Sen. Bill Stanley, R-Franklin County.

Senate Republican Majority Leader Tommy Norment caused a stir in the Capitol Monday after he filed a bill that would ban the public from bringing guns into local government buildings, something gun-rights groups strongly oppose.

By Tuesday afternoon, Norment announced through an aide that he would move to strike the bill.

"As currently drafted, the legislation represents neither my views nor my intention. I do not support – nor will I support – any measure that restricts the constitutional rights of law-abiding citizens."

It remained murky, though, as to why the Republican leader would introduce a bill that he didn't support. The legislation would amend the state law that prohibits the public from bringing guns into courthouses and make it also apply to local government buildings. Violations would be a felony offense.

The Virginia Citizens Defense League, the leading gun rights organization in Virginia, said in a statement early Tuesday that Norment's legislation "stabs gun owners in the back." Officials with the National Rifle Association waited in the Capitol Tuesday when Republican lawmakers met in caucus before the noon session. One of them, Christopher Kopacki, declined to comment on Norment's bill.

Sen. Bill Stanley, R-Franklin County, said Tuesday that he offered his resignation as Senate majority whip to protest Senate Norment's bill.

Stanley spoke on the John Fredericks Radio Show as legislators prepared to convene at noon for Gov. Ralph Northam's special session on gun violence. Northam called the special session following the May 31 mass shooting at the Virginia Beach Municipal Center and hundreds of protesters on both sides of the issue gathered Tuesday near the state Capitol.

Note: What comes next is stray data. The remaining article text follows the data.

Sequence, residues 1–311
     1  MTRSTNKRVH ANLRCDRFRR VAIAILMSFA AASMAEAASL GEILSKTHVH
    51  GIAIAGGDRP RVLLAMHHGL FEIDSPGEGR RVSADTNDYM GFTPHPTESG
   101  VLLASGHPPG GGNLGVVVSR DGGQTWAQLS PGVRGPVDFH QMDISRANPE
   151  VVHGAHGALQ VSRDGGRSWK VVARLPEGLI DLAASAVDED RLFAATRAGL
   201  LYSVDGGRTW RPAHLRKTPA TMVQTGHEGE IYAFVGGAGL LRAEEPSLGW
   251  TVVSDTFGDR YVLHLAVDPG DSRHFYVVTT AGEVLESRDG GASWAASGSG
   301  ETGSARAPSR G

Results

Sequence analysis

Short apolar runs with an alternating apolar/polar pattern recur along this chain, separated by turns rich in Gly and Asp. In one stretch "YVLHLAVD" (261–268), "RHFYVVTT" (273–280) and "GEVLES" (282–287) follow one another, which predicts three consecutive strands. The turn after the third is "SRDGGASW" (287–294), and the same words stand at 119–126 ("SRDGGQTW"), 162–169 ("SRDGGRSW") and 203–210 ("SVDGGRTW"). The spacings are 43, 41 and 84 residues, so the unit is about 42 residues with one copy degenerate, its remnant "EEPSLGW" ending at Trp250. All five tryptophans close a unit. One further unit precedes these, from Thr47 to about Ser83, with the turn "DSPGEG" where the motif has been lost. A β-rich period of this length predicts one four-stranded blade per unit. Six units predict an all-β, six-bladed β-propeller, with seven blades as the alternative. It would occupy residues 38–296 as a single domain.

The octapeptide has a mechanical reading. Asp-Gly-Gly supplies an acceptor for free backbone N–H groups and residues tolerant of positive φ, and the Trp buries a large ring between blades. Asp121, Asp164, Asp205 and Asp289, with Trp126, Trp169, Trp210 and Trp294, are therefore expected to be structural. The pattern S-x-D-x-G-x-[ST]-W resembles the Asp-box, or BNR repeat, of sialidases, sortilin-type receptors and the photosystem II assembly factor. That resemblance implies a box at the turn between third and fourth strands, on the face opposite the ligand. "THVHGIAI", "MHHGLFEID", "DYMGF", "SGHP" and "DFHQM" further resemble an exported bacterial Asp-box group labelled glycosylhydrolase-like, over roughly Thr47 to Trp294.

Stanley later said in an interview that his caucus "voted me back in."

Stanley had said on the radio show that Norment's bill would make a felon out of a grandmother with a concealed weapons permit who accidentally carried a gun into a municipal building in her purse.

"How is that a great strategy? Quite frankly, I think it's a betrayal," Stanley said.

"I offered my resignation as the majority whip because I think we've tried to fool our caucus. And I'm not standing for it. I didn't come down here for this," Stanley said.

"And so I'm upset. I am stunned. I am dumbfounded and I'm mad. And he knows it. The rest of the leadership knows it."

Stanley said that if Northam "gets one bill out of here he declares total victory."

Stanley said his Southside Senate district strongly backs the 2nd Amendment.

"I'm in leadership and I told everybody down there, Tommy's strong on the 2nd Amendment, don't you worry, we're never going to make a deal."

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